- The Washington Times - Saturday, March 24, 2007

VIERA, Fla. — Washington Nationals right-hander Levale Speigner and catcher Jesus Flores have the added roster protection of a Rule 5 draft pick, but they won’t need it.

If Rule 5 players are not on a club’s 25-man roster or disabled list, they must be offered back to their previous clubs at half the $50,000 drafting price. But Speigner and Flores both have earned spots on the Nationals’ Opening Day roster with their stellar play.

This spring Speigner has not allowed a run in 112/3 innings, and Flores is hitting .500 in 20 at-bats.

“Speigner has made us keep him here the way he has pitched and shown us that he’s a legit, good arm that we can utilize,” Nationals manager Manny Acta said.

At the winter meetings in Orlando, Fla., in December, Nationals general manager Jim Bowden selected Flores from the New York Mets organization and Speigner from the Minnesota Twins.

While the 22-year-old Flores was going to make the Nationals’ roster as Brian Schneider’s backup regardless of his spring numbers, the 26-year-old Speigner merely was part of the wide-open competition for a job on the pitching staff.

“We’ve been practicing and doing the hard work to stay with the team,” Flores said. “[Speigner has] been pitching really good, and I’ve been hitting good, too.”

Flores was regarded as the Mets’ top catching prospect but was not protected on their 40-man roster. Though Flores has never played above Class A, his inexperience hasn’t shown this spring. Thursday night against the Houston Astros, Flores went 3-for-5 with a two-run homer, a double, two RBI and four runs scored.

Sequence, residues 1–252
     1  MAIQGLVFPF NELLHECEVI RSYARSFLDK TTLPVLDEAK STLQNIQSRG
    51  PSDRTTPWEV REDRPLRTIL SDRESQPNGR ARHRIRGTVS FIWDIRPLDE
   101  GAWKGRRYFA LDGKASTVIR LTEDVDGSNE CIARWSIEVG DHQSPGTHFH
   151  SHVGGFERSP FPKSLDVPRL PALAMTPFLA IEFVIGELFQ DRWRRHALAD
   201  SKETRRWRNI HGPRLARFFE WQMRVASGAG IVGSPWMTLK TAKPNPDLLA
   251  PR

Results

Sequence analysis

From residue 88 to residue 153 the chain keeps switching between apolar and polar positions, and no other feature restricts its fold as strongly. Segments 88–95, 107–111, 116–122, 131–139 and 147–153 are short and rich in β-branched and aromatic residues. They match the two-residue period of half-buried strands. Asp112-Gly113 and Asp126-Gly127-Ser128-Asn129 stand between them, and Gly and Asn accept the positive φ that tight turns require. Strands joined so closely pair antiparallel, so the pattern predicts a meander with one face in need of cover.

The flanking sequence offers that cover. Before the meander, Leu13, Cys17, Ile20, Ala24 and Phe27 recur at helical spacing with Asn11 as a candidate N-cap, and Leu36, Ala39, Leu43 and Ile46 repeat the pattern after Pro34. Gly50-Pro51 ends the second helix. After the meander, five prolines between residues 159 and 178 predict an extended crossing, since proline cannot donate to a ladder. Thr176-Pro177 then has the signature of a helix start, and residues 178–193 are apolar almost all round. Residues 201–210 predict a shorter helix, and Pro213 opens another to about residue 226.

“It’s the most opportunity that any team has given me,” said Flores, who led the Class A Florida State League with 21 home runs for Port St. Lucie last season. “I’ve improved a lot in my defense and hitting. We’ll see what happens now.”

Earlier in the week, Acta said Speigner makes hitters look uncomfortable at the plate and praised his curveball. Speigner believes being a Rule 5 selection has its positives and negatives.

“I try not to think about it too much and put too much stock into it just because I still have to go out and get outs just like everybody else has to,” Speigner said. “In some instances, it might put a little more pressure on me, but as much as I can, I try and focus on just going out and pitching well.”

The Nationals are looking at Speigner, primarily a reliever as a minor leaguer, as either a fifth starter or a long man out of the bullpen. He has pitched three or more scoreless innings three times in the Grapefruit League this spring.

“I get reminded [about the scoreless streak] around the clubhouse pretty frequently,” Speigner said. “The defense has played great behind me. The catchers have done a great job of calling the game from behind the plate. Things have worked out for me.”

Speigner split time last year between Class AA New Britain and Class AAA Rochester last year and went a combined 4-3 with a 3.57 ERA in 49 games, all in relief.

“I’m lucky enough that my arm will bounce back as a reliever, and I trust my stuff enough to be a starter,” Speigner said. “I’ve got four pitches that I trust. It’s a tough situation, but it’s also good for me because I’m able to do whatever role that I may be needed to do.”

Long ago, Speigner was told his best pitch is a strike. He downplayed the effectiveness of his curveball.

“It’s just like any other pitch. I’m trying to get contact out of it, and whatever happens, happens,” Speigner said. “I’m just trying to locate it, put it in a good spot and have hitters do what they do.”

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